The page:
Top Tips for Surgery Placement

Clinical placements are a fantastic learning opportunity so knowing how to take full advantage of them is crucial.

Why am I writing this blog?

I wanted to share my tips on how to survive your first day in surgery – as I know a lot of students are nervous as they start their surgical placements. Surgery can be a scary placement but there are many things you can do to get through it and hopefully learn lots and be able to enjoy it too!

 

 

1) Arrive Early 

I know surgeries already start early (8am) so do I have to come even earlier? I would really recommend it especially on the first day as you don’t know where you’re going, need to find the changing room, get changed into scrubs and find the right theatre etc. If you arrive early you can also go see the patients that are getting surgery that day, you can learn more about them, their symptoms and the surgery they are getting.

 

2) Meet the Team

I would recommend introducing yourself to one of the nurses, one lead nurse if possible as they oversee things. They’re usually very nice! Tell them which team you are looking for and they can help you find the team. There will be a lot of people in the theatre team when you enter the room: the nurses, healthcare assistants (HCAs), operating department practitioners (ODPs), anaesthetic doctors and surgeons. I would recommend spending time with each one if you can to learn more about their roles.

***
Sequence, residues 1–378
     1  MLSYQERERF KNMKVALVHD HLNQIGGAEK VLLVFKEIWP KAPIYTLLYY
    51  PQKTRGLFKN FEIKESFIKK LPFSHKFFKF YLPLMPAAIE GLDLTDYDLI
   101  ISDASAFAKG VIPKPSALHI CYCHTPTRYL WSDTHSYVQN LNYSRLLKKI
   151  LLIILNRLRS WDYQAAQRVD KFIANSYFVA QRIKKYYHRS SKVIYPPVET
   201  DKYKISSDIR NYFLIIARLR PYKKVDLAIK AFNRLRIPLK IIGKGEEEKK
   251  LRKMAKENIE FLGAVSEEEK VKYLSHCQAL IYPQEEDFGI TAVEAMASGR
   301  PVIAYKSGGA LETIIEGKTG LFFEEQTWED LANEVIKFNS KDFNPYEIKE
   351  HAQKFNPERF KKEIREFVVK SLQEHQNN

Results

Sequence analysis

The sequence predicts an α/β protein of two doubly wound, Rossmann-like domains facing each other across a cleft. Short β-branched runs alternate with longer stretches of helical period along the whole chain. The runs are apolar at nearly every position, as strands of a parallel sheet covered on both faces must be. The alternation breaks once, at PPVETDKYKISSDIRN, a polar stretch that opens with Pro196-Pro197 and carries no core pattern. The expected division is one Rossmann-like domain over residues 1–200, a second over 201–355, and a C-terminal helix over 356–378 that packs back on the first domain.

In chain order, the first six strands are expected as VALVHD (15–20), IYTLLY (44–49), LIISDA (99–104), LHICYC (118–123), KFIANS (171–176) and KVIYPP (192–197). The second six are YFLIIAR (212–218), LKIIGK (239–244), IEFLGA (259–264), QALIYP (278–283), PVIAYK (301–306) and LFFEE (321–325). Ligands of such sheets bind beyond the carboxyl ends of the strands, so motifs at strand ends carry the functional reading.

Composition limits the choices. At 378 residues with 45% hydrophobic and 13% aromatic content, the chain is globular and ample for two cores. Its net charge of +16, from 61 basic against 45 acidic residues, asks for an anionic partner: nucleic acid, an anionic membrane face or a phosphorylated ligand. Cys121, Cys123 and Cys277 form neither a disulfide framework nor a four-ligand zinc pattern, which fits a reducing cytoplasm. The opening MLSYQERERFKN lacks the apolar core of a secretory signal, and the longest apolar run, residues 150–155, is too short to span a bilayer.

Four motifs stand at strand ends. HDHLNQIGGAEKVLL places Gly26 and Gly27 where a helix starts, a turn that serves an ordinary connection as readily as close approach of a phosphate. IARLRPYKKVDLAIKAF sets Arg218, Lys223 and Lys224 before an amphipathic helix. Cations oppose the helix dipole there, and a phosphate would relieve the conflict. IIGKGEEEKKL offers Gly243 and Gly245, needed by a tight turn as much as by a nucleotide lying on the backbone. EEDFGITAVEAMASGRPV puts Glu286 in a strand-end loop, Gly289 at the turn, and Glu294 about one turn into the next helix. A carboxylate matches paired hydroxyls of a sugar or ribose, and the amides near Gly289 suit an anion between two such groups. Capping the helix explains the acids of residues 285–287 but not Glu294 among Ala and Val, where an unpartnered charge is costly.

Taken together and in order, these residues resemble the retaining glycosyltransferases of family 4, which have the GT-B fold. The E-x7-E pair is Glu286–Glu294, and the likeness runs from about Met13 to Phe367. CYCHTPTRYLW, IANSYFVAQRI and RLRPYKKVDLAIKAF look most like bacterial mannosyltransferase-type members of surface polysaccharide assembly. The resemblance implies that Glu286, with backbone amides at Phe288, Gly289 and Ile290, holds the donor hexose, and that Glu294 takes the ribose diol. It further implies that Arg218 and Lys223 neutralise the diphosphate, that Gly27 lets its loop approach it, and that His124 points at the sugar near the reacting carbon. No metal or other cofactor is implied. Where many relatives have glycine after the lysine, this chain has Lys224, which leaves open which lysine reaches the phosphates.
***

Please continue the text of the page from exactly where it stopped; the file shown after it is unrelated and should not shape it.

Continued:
3) Theatre Rules to Remember

There are a few important theatre rules that are there to protect the patient and make sure the surgery goes smoothly: make sure you respect them!  Some of these include not entering the anaesthetics room if a patient is in there, entering through the left or right door in each theatre, wearing the appropriate headwear and footwear etc. Make sure you stay alert when the sterile field is open and make sure you don’t touch anything in the area (ask the nurses to point out the exact area) and be careful with all the cables, machines and different equipment. Everyone understand this is a learning experience for you, so you can ask if you are not sure about something!

 

4) During Surgery

I think it may be good to ask the surgeon directly where they would like you to stand, so you can see but not be in their way and not risk breaking the sterile field. Also, it is very important to tell someone if you feel unwell and step out. They understand and it is absolutely ok if you need to! It happens to everyone! Have a seat or lie down if you feel faint, have some water and sugar and take your time before you go back!

 

5) Get to know the Surgeons

Some surgeons will jump straight into teaching and will explain what they are doing, while others may not talk as much. It is ok to approach them and ask if they can tell you about the procedure before they get started. If the surgeon says you can ask questions, go for it! If not, then it is best just observe and not ask while they’re in the middle of operating as some surgeons prefer to focus and talk at the end.

Marianne Gazet
Imperial University

About The Author

Marianne is a final year medical student at Imperial College in London with an interest in research and medical education. 

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